Will My Personal Injury Case Go To Trial?

courtroom

If you’ve been injured in a situation that wasn’t your fault, then the costs associated with that injury are also not your fault. Legally speaking, it falls under the idea of liability; if someone else is responsible for your injury, then they’re also responsible for the costs and fees it takes to help repair that injury.

However, sometimes you need to pursue legal action in order to make someone take responsibility for your injuries. If you find yourself with a valid personal injury case, though, you might be worrying about actually taking things to trial. That’s why one of the most common questions people ask their attorneys is just how far they think their case will need to go.

Will Your Case Need To Go To Trial?

If you’ve ever seen a legal drama about landmark personal injury cases, then you know Hollywood has taught you going to trial is the way you actually “win” a case so that you can be awarded the funds you need to get your life back together, and to walk away from a situation vindicated. However, those legal thrillers are no closer to real life than action movies are to what real-life murder investigations are like.

According to The Law Dictionary, roughly 95 to 96 percent of personal injury cases reach a settlement without ever going to trial. While that might sound like a number that’s far too high to be true, it’s taken directly from the U.S. legal system.

Those numbers aren’t a fluke from a particularly unusual year, either. Most of the time if you have a personal injury case, you will not end up going to trial with it. Instead your attorney (and by extension you) will negotiate with the other party until you reach a settlement that you feel is adequate. This may take a great deal of time, with several meetings to hash out all the pertinent details, but in the end it is the option that is most likely for your case.

Why You May Not Want To Go To Trial

Again, popular fiction has consistently depicted pre-trial or out-of-court settlements in a negative light. It’s seen as the lesser option in these stories, largely because it isn’t very dramatic. Bargaining, or reaching an agreement without the mounting pressure of convincing a judge, or the fiery speeches you need to win over a jury, doesn’t make for a good novel, film, or TV show. It would also mean there’s no scenes of actual investigation, with witness interviews being conducted, evidence being discovered, and the incident coming into clearer focus for the audience.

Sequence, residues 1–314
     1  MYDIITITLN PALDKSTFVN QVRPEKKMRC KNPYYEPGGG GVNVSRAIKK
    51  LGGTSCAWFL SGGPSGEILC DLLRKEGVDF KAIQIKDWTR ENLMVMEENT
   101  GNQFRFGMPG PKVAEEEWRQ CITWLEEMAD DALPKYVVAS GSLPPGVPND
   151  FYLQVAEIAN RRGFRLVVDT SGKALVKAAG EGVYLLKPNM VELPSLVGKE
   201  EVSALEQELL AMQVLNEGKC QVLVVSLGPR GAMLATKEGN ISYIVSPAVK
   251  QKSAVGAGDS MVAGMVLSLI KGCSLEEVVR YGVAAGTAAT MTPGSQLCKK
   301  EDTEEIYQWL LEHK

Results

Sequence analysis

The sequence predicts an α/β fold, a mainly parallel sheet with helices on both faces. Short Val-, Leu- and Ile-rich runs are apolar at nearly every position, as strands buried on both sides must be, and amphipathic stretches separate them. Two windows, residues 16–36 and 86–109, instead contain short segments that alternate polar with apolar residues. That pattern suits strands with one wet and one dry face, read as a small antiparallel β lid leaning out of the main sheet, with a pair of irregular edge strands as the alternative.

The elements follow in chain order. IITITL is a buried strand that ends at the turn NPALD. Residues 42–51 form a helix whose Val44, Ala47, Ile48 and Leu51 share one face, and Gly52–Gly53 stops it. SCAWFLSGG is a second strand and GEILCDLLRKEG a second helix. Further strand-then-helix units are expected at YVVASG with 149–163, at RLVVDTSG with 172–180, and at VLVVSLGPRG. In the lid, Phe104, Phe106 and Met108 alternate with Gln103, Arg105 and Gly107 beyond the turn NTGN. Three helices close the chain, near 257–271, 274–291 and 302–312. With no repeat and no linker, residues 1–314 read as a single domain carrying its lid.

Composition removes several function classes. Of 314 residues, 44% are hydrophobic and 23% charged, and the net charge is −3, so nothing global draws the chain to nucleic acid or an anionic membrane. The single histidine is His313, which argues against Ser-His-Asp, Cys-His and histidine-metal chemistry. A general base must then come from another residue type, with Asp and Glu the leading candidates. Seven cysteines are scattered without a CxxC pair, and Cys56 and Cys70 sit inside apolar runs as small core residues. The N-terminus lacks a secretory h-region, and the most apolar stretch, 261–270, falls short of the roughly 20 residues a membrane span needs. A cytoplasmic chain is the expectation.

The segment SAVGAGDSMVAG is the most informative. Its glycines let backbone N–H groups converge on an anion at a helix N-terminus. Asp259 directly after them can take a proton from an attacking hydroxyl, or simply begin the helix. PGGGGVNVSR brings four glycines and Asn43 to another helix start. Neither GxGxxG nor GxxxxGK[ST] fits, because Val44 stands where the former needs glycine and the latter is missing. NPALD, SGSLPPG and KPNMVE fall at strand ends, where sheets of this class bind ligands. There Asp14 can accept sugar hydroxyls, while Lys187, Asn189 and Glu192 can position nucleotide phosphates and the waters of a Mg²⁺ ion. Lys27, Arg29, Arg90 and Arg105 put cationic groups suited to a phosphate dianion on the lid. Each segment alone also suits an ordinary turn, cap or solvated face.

But in the real world where people have actual injuries and lives they’re trying to get back to, out-of-court settlements are the smarter option. They can be handled without media attention or press, and while they can take a great deal of time to finalize, they are often significantly faster than the court system. Courts, as a rule, have packed schedules, which means it could take several months before you even get the preliminary steps taken care of to start the wheels of justice turning on your behalf. And that’s before the question of time and costs surrounding the investigation into the incident happen, when interviews need to happen, security footage needs to be reviewed, and all of the pertinent data needs to be assembled so that it can be presented to the court before a decision is reached in a trial.

However, another reason to avoid actually going to trial is that the numbers just aren’t good for those who set foot in a courtroom.

Of the personal injury cases that go to trial, roughly 90 percent of them end up losing. There are all kinds of reasons for this, but the popular image of the wronged party being awarded a sizable sum so they can pay their bills and get their lives back to where they were before their injury is a rarity in the real world. More often they simply end up with legal costs, and no better off than they were before. And, depending on how long the case was drug out, they may end up significantly worse off. This is particularly true where jury trials are concerned, oddly enough. It’s bench trials, where the lawyers make their case directly to a judge, that have the best chance of succeeding when one goes to trial. However, even those cases still have a very slim chance of winning.

Every Case is Unique

It’s important to remember that every personal injury case is completely unique, and has to be judged on its own merits. While there are general trends regarding these kinds of cases, and rules of thumb for handling them, what might be considered a smart move in general might not be an ideal decision for your particular case. It will depend on what happened to you, how it’s been handled thus far, the documentation involved, and dozens of other factors that could all play their part.

That’s why it’s so important to discuss your case with legal experts who know personal injury law, and who can best advise you on where to go with your case.

Because when it comes down to it, legal cases are all about strategy. And while it’s true that the stronger your case is, the better your chances of winning are, it also means that you have more leverage when it comes to getting what you want from an out-of-court settlement. Because if you have one of those cases that’s strong enough to fall into that 10 percent of winners, it’s often a smarter move on the part of the liable party to come to the negotiation table rather than to hope for the best once a trial starts.

If you have been injured, and you want to pursue a case, then all you need to do is contact us today! Our legal experts can review your case, and work with you to find a strategy that will get you where you need to be.